The lighthouse is still a working one, but it has been open since 2005 as a tourist attraction where members of the public can look around and marvel at the stunning views it boasts across the Eagle Rock Marine Sanctuary, the Great Ocean Road, and Phillip Island.
Around the lighthouse, visitors can soak up scenery including wild cliffs and beautiful beaches. Elsewhere, there is a unique replica of the traditional bark huts that the first residents of Aireys called home, and there is a smattering of rock pools that languish at the bottom of the lighthouse itself. Whether you are hoping for a historic afternoon, or a day spent sightseeing, a stop in the lighthouse is for you!
For more information on the lighthouse go here.
There are two roads leading up to the lighthouse, only the one with handicapped parking gets you right to the base of the lighthouse.
Whilst climbing the lighthouse itself is not accessible, the surrounding area is wheelchair friendly.
Some easy access viewing platforms are on the foreshore for great coastal views.
To find out about your unique accessibility requirements call the Anglesea Visitor Centre on 03 5261 4219.
Fourth Stop: The Twelve Apostles
Known as the jewel in the crown of The Great Ocean Road the 12 Apostles is the number one visited attraction in the region.
Seeing the beauty of these limestone monuments is unforgettable and absolutely not to be missed. Sunrise and sunset provide even more impressive scenery.
They call the rocky stacks the 12 Apostles because they stand tall and proud along the shore. Despite the name the 12 Apostles, there are only 8 left standing as Mother Nature, time and the salty waters have caused several of the apostles to fall.
Many people travel across the globe to witness the splendour, the myth and the mystery of the 12 Apostles. It has been a tourist favourite for years, even before it was named the 12 Apostles.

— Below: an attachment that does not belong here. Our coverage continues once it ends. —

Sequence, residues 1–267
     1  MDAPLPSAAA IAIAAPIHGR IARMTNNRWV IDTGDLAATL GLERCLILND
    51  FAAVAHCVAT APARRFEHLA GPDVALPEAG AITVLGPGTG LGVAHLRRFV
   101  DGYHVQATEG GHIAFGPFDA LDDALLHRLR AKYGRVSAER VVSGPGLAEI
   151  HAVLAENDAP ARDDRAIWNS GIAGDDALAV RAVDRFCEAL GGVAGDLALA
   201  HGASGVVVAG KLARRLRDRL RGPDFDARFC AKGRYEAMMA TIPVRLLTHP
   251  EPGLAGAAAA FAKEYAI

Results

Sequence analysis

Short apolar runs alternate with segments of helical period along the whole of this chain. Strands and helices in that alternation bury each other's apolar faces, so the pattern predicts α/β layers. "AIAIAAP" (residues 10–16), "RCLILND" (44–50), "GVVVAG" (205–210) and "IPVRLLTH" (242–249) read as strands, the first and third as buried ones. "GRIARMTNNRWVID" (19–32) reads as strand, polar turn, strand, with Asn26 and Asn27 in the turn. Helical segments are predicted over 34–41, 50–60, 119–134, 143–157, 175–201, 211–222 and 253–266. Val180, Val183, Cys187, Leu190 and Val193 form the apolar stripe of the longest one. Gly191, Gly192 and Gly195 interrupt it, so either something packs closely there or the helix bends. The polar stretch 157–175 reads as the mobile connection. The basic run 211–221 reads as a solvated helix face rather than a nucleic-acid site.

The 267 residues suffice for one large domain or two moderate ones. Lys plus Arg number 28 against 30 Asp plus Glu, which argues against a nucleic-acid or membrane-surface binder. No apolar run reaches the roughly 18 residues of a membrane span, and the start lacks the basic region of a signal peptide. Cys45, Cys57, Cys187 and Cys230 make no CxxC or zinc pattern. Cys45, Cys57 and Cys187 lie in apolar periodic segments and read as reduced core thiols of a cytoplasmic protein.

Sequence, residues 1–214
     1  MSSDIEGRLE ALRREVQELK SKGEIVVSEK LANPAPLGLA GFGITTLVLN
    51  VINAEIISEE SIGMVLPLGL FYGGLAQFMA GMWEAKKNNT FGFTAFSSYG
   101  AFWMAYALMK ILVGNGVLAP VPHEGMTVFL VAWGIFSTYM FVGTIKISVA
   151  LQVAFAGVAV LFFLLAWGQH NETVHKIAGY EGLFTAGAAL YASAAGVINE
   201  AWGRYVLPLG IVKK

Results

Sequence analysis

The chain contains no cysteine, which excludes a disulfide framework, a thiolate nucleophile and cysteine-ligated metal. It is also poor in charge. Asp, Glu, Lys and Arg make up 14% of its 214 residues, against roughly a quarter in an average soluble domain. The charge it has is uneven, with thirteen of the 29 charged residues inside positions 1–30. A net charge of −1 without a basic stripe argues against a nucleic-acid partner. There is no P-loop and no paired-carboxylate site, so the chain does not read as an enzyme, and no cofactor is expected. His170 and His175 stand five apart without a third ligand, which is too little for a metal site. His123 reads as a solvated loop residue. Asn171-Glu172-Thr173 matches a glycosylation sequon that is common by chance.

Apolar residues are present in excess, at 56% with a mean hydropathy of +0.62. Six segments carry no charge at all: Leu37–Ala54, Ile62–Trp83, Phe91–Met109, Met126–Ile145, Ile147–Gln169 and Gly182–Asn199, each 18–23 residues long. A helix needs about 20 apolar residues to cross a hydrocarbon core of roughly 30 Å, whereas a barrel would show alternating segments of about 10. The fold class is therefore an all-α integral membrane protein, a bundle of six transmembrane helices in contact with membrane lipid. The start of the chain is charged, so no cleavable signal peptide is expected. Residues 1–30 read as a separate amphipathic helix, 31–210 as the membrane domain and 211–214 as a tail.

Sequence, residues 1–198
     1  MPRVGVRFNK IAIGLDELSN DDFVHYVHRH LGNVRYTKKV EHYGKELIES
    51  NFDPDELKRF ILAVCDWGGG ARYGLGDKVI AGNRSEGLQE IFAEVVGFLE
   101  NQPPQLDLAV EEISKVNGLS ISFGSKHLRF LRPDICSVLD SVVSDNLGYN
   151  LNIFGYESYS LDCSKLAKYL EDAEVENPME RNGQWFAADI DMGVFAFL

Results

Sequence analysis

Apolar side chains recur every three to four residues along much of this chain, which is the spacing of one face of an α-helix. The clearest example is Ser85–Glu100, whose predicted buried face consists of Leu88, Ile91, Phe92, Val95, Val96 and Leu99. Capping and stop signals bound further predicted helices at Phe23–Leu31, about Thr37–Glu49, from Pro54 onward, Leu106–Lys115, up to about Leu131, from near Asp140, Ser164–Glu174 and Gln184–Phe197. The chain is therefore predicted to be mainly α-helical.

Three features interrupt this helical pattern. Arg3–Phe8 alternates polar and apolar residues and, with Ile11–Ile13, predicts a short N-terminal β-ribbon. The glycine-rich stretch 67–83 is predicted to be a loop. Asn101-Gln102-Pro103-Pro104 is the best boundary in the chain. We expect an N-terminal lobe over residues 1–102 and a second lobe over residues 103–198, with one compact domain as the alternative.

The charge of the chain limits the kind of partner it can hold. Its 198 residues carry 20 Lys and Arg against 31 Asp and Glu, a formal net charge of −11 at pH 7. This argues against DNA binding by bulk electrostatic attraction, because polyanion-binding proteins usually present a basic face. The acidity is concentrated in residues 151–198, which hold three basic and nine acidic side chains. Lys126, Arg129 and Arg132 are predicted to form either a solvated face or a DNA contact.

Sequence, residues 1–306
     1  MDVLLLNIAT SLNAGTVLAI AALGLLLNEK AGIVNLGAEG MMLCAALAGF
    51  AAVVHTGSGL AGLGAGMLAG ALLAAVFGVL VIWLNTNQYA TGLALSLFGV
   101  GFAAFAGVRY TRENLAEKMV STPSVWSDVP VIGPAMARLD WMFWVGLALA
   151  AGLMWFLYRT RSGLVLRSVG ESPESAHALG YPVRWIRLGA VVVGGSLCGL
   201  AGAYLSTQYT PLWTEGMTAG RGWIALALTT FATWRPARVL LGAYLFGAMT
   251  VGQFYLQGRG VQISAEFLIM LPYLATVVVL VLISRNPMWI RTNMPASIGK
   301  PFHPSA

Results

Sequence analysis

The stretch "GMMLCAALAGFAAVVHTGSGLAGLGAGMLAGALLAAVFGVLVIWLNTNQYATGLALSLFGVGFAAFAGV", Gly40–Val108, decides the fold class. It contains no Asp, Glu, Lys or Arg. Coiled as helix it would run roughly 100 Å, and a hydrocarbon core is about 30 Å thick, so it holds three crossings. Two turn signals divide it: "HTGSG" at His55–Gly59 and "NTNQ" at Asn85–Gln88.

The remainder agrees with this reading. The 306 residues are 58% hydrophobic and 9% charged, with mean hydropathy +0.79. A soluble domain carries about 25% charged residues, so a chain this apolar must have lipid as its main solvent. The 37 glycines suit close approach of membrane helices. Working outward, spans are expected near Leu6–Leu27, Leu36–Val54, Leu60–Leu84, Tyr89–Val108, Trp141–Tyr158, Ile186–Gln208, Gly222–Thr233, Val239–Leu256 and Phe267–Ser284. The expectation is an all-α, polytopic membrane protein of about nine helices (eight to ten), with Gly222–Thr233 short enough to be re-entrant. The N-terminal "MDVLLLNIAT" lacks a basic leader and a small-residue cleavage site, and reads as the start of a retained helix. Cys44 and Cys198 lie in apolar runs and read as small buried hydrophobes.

The 12 Apostles are wheelchair accessible and include;
- Large sealed car park with designated accessible parking spaces.
- 300m of sealed paths to viewing areas by passing through or around the Visitor Centre.
- Prams and wheelchairs can access the lower viewing platform by following signs at the main lookout.
- There is a 200m extension to the eastern viewing platform which is steep in its final section and unsuitable for those with impaired mobility.
- Wheelchair accessible toilet open 24 hours at the Centre.
- Wheelchairs are available upon request from Kiosk staff between 10:00am and 5:00pm.
For more information on visiting the twelve apostles and their accessibility click here.
Fifth Stop: Loch Ard Gorge
Loch Ard Gorge is named after the famous 1878 shipwreck on nearby Mutton Bird Island. Fifty-two people were lost from the Loch Ard and only two teenage survivors were fortunate enough to be washed into the only safe gorge on the coast.
It is impossible to walk these trails and not be moved by the powers of nature that have shaped and the shipwreck history that defines the area. Offshore stacks, blowholes and the indescribable beauty of formations like the Razorback and Island arch make this precinct the one with the lot.
For more information on visiting Loch Ard Gorge click here.
The Loch Ard precinct is linked by 3 car parks and four main trails.
The designated accessible parking space at Loch Ard Gorge allows for good access to the Geology and Loch Ard lookout trails.